One more thing. The ancient Greeks believed that the male implanted a tiny human baby into the mother’s womb and it merely grew bigger until it was born. We know that’s not true today, so the ancient Greeks would have to rethink their anti-abortion policy if they were alive today. Don’t put too much faith in the anti-abortion part of the Hippocratic oath.

  29. # 25 RDK

    If the patient is able to make a rational decision about his or her health (I.E., he’s not braindead) then the doctor has not right acting against the patient’s wishes for their “best clinical interest”. Do you have any specific instances of this happening, or are you just waxing rhetoric to make yourself look witty?

    Let me copy and paste my earlier reply to Mark Frank’s incorrect assertion that “no one is Europe is suggesting that health services kill those who want to live”.

    ———————————
    A TERMINALLY ill man yesterday lost his legal battle to stop doctors withdrawing food and water when his illness reaches its final stages.

    Leslie Burke, 45, now fears he will suffer death by starvation or dehydration after he loses the power to communicate.

    The Appeal Court ruling could have implications for thousands of patients each year who are unable to tell doctors they want life- prolonging treatment.

    ——————————–

    The General Medical Council has expressed the desire TWICE to KILL this man WHO HAS EXPLICITLY SAID HE WANTS TO LIVE.

    Quod erat demonstratum.

    Link or it didn’t happen. And that goes for your Brit-being-denied-a-feeding-tube claims also.

    Considering that you’ve ignored the past links, I doubt that you’d be impressed by a Google page full of results. But hey, that’s standard operational procedure for ideologues like yourself who want to ignore all the evidence in their faces in favor of their warm & fuzzy dogmatic weltanschauung.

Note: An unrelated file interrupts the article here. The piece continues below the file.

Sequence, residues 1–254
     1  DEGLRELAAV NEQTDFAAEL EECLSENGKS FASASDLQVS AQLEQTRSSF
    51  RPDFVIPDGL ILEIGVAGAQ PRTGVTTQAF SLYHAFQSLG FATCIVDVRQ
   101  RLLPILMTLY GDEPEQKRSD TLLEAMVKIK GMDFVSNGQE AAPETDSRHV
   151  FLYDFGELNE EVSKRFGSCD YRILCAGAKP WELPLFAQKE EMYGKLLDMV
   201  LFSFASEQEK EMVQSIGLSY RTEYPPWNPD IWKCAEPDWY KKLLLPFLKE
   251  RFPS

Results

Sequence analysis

30. First two paragraphs of the oath:
    “I swear by Apollo, the healer, Asclepius, Hygieia, and Panacea, and I take to witness all the gods, all the goddesses, to keep according to my ability and my judgment, the following Oath and agreement:

    To consider dear to me, as my parents, him who taught me this art; to live in common with him and, if necessary, to share my goods with him; To look upon his children as my own brothers, to teach them this art.”

    I can see why people would not want this changed.

  31. #25 (angryoldfatman):

    ” “magnan

    You carefully avoid addressing the challenge of my thought experiment.”

    I didn’t address you at all. I merely posted some newspaper and online articles without comment (until now). Your indignation at this speaks volumes. Volumes that I don’t need to type.”

    Your refusal to engage the challenge seems to indicate something and it is not good. I’ll stop here to avoid ad hominems.

  32. Re #29
    Mark Frank’s incorrect assertion that “no one is Europe is suggesting that health services kill those who want to live”.

    You are right of course. With a population of over 200 million there must be thousands of Europeans supporting every conceivable crackpot suggestion. So I will rephrase it more precisely:

    “To the best of my knowledge all the current and proposed laws permitting euthanasia in Europe exclude euthanasia against the patient’s wishes. To perform euthanasia against the patient’s wishes would be murder.”

    You listed a number of supposed counter-examples, but the only one that came close to actually being a counter-example was the case of Leslie Burke. But I don’t believe this is a counter-example either. There is a difference between killing someone and withdrawing treatment. If doctors give a patient a fatal drug the patient will die and no can prevent it. If doctors refuse treatment, including food and water, it is always open for the family of the patient to find an alternative source of treatment or for the patient to make alternative arrangements now to supply treatment in the future.

    Note that this is all about setting legal precedent. The GMC is concerned that someone could place a legally binding obligation on the National Health service to provide a specific course of treatment until they die even when they were no longer able to communicate, whatever their condition, and even if the doctors think it is the wrong treatment. Notice that this is not a contract or agreement. If Burke’s demand was approved, then anyone could place such an obligation on the NHS at any time simply by writing a living will. Consider the situation where Burke wins his case and then goes into PVS. Five years later the doctors notice that while unable to communicate he is clearly suffering terribly. They would be legally obliged to prolong his suffering as long as possible.